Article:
A Draft Air Quality study presented by the Transportation Planning Board has shown this to be the case. Exhibit’s 4 through 8 show significant declines in emissions from 1990 to the present, (with estimations for future years). Volatile Organic Compounds, Ozone, and NOx have all been monitored – generally at areas with heavy congestion – and all have shown tremendous improvement. These improvements are well below the “budgeted” amounts designated by the Washington Regional Council of Governments and the Environmental Protection Agency.
So, what does all this tell us?
First, automobiles are not the pariah they are made out to be. Technological improvements have made our vehicles use less gas and emit fewer pollutants. But, we have to recognize that building more or wider roads will not solve our problems. Yes, they will provide relief, but without other modes of transportation or different ways of living, we will soon see the same levels of congestion we are experiencing now.
Second, if people want to pursue different growth plans to leverage mass transit alternatives, we have to accept that will mean taller buildings with much more dense living arrangements. While proposals can be made for alternative communities around existing train stations, if the underlying objective is to limit growth in other areas and establish it within this proximity, we will need to accept that the buildings will be taller.
Third, there will always be movement down the road to jobs in metro areas. We must face the fact that we abut our nation’s Capital and land costs move people to outlying areas if they choose not to live in high rises. While we should pursue getting more businesses into our area, which will never replace the movement of people toward the D.C. and other urban areas.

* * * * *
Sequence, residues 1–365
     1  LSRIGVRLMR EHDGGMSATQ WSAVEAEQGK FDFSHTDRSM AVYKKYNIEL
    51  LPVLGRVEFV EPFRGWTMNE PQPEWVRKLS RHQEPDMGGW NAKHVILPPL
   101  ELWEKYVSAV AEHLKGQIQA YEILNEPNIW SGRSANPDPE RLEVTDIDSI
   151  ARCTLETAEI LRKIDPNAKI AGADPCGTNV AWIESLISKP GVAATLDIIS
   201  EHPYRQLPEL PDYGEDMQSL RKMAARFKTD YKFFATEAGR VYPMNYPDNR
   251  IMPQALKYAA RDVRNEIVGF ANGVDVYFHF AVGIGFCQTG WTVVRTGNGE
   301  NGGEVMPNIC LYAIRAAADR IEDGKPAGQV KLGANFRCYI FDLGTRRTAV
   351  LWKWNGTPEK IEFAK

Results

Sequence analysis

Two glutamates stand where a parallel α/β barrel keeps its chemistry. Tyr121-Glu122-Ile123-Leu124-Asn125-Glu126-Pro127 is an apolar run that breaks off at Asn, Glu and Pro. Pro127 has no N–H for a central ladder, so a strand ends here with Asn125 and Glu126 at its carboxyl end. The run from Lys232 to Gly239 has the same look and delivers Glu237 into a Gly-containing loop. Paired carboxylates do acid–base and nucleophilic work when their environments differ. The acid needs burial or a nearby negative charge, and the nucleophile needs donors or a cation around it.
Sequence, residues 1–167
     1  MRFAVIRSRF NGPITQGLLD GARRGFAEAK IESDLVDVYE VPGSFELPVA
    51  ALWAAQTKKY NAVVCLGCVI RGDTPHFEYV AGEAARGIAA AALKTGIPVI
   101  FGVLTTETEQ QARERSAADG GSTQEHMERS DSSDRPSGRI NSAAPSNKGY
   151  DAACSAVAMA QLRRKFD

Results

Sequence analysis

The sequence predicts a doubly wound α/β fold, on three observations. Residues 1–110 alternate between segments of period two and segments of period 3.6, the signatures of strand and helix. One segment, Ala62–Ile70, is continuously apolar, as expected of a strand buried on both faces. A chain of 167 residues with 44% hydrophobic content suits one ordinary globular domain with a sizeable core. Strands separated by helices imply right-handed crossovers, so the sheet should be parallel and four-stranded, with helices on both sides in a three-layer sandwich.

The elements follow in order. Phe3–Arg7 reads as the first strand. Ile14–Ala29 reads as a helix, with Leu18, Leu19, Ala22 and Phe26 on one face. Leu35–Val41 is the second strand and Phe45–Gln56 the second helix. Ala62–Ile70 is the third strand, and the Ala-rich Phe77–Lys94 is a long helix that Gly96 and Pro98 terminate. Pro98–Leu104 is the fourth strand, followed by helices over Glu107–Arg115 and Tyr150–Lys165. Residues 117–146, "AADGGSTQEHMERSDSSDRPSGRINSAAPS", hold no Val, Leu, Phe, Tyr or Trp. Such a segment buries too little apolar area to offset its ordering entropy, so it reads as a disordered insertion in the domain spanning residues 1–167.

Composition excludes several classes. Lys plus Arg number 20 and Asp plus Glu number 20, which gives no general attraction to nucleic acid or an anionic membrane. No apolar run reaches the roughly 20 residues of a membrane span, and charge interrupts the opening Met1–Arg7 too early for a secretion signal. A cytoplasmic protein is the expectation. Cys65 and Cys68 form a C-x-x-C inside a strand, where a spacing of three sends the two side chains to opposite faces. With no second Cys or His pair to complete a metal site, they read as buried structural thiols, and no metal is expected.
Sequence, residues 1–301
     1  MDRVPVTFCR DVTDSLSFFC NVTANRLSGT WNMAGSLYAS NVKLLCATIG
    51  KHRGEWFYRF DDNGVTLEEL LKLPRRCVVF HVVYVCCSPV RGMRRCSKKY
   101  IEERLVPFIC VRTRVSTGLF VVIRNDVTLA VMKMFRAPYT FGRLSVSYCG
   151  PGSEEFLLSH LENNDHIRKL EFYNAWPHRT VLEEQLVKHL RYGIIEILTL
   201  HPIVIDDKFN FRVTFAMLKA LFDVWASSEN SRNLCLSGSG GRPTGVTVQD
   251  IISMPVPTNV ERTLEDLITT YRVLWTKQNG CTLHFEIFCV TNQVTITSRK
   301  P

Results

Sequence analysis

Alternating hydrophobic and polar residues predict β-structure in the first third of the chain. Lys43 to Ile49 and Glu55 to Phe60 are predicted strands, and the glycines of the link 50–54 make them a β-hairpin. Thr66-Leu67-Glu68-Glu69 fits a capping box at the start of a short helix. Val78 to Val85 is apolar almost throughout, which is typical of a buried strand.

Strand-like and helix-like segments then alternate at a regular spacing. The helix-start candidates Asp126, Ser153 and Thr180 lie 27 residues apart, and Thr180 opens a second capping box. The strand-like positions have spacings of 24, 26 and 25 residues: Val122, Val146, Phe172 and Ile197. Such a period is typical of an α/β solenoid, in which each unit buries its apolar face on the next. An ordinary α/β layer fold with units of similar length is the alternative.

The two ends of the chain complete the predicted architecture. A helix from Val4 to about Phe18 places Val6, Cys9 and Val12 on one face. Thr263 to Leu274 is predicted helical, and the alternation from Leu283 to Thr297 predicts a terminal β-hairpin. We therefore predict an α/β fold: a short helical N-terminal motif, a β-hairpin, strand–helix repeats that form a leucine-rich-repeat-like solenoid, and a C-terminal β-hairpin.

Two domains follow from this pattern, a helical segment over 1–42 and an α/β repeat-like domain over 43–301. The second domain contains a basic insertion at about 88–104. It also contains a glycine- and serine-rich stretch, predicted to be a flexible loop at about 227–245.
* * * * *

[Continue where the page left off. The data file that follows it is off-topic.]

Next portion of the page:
Speaking of land costs; keep in mind that zoning requirements are often a major focus of transportation planners. This has a two-fold aspect of which we need to keep abreast.
First, it has the potential to affect the sovereignty of both states and local governments. And secondly, some areas will be chosen for growth, while others will not. This means that some areas may reap the benefits while other areas will be forgotten. It can also mean that some areas will be forced to grow in ways they may not desire. As history has shown, when government inserts itself in the market place, the consequence is generally increased costs with limited benefits.
Finally, the solutions will not be singular or draconian. For instance, the concept of High Occupancy Vehicles has its basis in trying to diminish pollution from vehicles – more people in less cars means less emissions. As we have seen, technology was the real solution to this problem. Hence, measures such as taking a lane and making it inaccessible to most drivers no longer has a good rational for its original basis. It is now argued that it will help to lessen the congestion, but that argument is dubious. Allowing these lanes to be open to traffic during rush hour would provide for more vehicle movement.
We also will need to plan for other alternatives to moving people. Creating things like high speed, (true high speed) rail will take years to complete. As noted, when you have no money, that is the time to plan.
We can no longer sit back and allow the various constituencies to oppose all forward movement. We need leadership willing to make wise compromise and present viable alternatives. This is not a Republican or Democratic issue – it is a human issue and needs solutions. Since I was elected to be on the Citizens Advisory Committee for next year, I hope to be some small part in adding to the solutions.